Editor’s note: During Caregiver Appreciation Month, we honor the challenging but important role of pancreatic cancer caregivers by sharing the experience of Brian Rubens, who cared for his wife until she passed away in 2016. Rubens hopes to help those currently providing care and those who have lost a loved one to this disease by letting them know they are not alone.
Though Rubens knows many people are unable to leave their jobs, he was thankful he could and found it was the right decision for him.
Rubens found it important that Trimmer’s healthcare team knew the symptoms and side effects she was experiencing – like pain, nausea, appetite loss and diarrhea – and that they addressed them quickly with supportive care.
Rubens is also thankful that he and Trimmer addressed practical concerns, like financial planning and advance directives, and that Trimmer made a book for him so he’d know all the household details she handled.
He said making the book also helped Trimmer: “It gave her something to do, something to focus on. It made her feel that she was helping me.”
Living life to the fullest with Trimmer was also important to Rubens. Though Trimmer began chemotherapy right away, the couple managed to travel a lot: to Alaska to photograph grizzly bears, to their home in Arizona many times to ride their horses, to Virginia to visit Trimmer’s mother – and even to Africa for two weeks.
“Cherish your loved one and the time you have with them like it is the last time, because one day, for all of us, it will be,” he advised others.
But as many loved ones do, Rubens learned during this time how difficult caregiving can be.
“This is a pretty lonely place to be,” he shared. “That’s an issue with cancer in general. It’s a bit of a lonely journey.”
Rubens feels strongly that counseling – for both the patient and the caregiver – is critical. Immediately after diagnosis, Trimmer began seeing a counselor. “I think it really helped her,” Rubens said, “especially in the beginning.”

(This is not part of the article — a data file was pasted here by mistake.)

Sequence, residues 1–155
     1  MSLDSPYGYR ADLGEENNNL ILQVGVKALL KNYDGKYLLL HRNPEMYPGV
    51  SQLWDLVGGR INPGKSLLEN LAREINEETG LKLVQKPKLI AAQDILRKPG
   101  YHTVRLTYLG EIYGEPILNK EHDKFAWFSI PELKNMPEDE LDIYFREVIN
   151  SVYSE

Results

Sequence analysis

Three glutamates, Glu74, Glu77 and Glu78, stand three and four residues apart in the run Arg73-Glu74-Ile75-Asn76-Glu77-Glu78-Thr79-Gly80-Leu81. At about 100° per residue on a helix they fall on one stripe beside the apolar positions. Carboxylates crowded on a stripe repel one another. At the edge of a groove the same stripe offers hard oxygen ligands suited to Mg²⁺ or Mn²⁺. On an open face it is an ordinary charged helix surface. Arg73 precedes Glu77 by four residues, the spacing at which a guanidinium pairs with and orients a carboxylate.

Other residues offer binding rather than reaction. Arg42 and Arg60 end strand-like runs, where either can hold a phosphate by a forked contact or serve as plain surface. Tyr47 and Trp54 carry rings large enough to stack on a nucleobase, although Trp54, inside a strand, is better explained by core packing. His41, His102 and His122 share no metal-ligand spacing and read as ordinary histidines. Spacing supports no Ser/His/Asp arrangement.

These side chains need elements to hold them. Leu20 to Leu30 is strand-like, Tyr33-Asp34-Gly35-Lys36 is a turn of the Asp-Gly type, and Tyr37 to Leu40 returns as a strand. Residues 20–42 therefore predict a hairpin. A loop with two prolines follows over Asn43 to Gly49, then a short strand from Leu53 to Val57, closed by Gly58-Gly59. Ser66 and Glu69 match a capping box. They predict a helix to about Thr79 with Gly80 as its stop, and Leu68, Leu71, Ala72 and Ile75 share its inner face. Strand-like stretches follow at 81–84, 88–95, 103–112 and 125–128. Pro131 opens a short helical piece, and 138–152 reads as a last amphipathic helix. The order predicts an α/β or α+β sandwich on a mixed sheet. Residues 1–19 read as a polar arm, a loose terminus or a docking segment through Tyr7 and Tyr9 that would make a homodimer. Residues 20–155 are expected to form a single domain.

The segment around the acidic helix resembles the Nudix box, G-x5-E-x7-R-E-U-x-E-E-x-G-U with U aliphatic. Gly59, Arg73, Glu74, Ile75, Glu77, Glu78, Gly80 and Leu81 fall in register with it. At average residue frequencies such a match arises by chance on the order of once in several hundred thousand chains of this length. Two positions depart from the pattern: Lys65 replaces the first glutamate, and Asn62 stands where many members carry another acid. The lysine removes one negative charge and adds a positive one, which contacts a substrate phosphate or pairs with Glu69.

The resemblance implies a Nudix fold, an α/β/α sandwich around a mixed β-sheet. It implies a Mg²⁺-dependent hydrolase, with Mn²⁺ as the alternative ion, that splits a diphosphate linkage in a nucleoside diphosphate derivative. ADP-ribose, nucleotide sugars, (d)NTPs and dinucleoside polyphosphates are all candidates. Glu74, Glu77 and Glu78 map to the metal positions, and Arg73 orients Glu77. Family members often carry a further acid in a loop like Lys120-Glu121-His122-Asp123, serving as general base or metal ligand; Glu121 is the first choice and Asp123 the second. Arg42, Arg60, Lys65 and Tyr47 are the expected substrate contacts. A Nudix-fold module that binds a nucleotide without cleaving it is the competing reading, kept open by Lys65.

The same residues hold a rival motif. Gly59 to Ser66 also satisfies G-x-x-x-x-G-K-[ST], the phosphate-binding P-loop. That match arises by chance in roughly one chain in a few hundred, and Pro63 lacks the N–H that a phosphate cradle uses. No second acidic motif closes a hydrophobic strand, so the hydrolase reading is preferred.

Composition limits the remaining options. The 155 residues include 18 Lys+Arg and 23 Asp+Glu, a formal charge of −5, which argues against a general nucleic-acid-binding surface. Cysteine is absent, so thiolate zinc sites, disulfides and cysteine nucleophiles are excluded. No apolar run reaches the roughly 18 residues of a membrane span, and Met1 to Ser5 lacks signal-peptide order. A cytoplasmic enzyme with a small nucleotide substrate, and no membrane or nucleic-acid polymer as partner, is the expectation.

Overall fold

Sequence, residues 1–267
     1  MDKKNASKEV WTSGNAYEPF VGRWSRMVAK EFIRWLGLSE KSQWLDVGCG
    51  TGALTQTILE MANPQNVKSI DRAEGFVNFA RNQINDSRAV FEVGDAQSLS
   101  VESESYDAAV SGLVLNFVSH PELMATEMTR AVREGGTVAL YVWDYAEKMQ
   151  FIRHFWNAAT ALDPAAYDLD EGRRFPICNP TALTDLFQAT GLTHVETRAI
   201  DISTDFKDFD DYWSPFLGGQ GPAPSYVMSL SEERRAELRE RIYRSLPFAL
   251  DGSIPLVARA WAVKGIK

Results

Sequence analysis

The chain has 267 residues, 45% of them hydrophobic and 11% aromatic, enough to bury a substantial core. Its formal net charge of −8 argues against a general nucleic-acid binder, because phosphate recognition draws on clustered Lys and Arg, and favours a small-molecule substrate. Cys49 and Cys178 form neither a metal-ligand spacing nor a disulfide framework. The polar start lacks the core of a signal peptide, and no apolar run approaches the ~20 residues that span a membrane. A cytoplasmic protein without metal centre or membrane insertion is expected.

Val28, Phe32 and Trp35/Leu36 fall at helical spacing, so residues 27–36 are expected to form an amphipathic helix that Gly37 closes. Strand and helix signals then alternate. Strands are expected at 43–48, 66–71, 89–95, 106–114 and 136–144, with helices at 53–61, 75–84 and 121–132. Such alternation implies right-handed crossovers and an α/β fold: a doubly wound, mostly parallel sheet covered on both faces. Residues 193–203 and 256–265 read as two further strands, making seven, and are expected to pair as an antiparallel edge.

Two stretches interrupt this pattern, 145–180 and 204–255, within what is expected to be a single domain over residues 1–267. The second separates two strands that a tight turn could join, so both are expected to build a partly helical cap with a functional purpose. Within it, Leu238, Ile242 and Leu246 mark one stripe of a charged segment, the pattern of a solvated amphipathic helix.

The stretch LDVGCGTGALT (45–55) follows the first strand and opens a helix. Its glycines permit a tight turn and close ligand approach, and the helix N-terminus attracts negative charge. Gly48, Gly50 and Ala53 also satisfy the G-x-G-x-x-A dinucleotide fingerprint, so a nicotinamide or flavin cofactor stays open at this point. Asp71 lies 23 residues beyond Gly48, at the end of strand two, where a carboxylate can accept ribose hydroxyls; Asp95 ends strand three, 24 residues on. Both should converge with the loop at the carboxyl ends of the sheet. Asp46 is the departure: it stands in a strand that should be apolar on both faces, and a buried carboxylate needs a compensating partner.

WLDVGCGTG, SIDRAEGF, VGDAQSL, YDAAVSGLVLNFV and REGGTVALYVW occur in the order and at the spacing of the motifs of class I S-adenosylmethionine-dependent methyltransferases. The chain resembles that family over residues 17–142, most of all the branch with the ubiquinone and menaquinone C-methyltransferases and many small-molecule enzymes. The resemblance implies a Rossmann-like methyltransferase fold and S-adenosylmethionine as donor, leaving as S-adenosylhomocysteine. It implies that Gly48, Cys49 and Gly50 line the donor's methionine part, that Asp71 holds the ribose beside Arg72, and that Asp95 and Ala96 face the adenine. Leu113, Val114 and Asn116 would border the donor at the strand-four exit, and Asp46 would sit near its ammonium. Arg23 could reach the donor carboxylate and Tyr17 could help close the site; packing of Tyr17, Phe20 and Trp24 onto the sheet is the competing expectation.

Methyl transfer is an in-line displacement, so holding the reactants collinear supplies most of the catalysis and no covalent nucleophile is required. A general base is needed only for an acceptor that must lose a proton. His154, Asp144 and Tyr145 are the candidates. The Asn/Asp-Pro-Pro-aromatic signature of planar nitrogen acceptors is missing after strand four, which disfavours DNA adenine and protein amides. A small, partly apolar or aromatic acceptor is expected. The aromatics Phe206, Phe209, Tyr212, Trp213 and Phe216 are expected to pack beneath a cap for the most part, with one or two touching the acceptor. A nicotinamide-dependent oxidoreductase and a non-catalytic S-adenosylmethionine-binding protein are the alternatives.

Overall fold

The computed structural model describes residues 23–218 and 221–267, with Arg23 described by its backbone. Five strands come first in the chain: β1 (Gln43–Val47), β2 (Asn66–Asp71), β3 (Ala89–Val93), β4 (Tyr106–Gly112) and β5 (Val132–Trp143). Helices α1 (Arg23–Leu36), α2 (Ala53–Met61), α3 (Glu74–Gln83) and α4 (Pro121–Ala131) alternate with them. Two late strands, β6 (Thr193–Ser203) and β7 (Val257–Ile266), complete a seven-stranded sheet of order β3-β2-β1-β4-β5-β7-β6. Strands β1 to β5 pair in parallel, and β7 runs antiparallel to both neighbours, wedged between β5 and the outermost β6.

Counseling has also helped Rubens throughout the different stages of this journey. “It’s a grief process that starts the very moment of the diagnosis and goes on until the person passes,” Rubens shared of his experience. “And then you face a new kind of grief all over again.”
Rubens’ counselor gave him two pieces of advice that he found especially helpful:
- You need to “fill your vessel before you fill someone else’s.” Self-care is critical for caregivers.
- “Death ends a life, but not a relationship.” The relationship will always be there.
Though he continues to grieve more than three years after the loss of Trimmer, Rubens is finding ways to move on. He returned to work. And just last month, he remarried a woman who is a breast cancer survivor and who also lost her husband.
“It doesn’t diminish how I feel about Karen,” he said. “I miss her all the time. I’d give up anything to have her back, but I can’t. So you have to move on. Life goes on.”
Of caring for Trimmer, Rubens said, “Devoting myself to caring for Karen was the singular most important thing I’ve done in my life. I’m very happy that she had good care, that she lived as long as she did.
“I have no regrets.”